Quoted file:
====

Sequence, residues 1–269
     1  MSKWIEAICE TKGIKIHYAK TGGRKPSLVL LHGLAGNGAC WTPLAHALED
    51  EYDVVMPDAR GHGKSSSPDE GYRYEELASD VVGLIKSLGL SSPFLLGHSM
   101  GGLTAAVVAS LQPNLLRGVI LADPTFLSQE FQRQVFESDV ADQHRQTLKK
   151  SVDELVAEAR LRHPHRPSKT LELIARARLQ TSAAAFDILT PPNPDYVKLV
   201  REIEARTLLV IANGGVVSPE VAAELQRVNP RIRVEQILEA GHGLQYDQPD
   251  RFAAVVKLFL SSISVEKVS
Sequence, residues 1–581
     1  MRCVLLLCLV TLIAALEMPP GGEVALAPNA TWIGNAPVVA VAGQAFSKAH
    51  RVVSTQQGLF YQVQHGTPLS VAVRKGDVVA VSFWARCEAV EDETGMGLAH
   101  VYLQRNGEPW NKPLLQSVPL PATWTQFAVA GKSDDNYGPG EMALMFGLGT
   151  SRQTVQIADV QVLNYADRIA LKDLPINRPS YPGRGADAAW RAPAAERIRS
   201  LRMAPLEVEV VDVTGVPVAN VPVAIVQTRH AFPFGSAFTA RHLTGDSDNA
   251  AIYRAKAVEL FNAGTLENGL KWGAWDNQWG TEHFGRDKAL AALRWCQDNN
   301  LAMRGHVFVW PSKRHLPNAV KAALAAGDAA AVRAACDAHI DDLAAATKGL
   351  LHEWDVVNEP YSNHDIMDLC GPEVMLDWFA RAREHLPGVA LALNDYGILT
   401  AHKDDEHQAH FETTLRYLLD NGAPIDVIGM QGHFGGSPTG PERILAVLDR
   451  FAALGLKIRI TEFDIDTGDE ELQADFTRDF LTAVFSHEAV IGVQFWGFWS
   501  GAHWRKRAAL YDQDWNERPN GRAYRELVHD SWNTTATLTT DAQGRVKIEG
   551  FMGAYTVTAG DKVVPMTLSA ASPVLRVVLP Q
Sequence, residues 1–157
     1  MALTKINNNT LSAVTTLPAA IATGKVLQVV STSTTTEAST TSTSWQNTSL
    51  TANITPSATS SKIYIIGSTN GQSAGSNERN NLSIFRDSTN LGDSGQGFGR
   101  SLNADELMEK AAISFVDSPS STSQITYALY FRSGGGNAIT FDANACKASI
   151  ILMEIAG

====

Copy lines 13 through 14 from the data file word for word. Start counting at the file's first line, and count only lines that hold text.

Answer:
   201  LRMAPLEVEV VDVTGVPVAN VPVAIVQTRH AFPFGSAFTA RHLTGDSDNA
   251  AIYRAKAVEL FNAGTLENGL KWGAWDNQWG TEHFGRDKAL AALRWCQDNN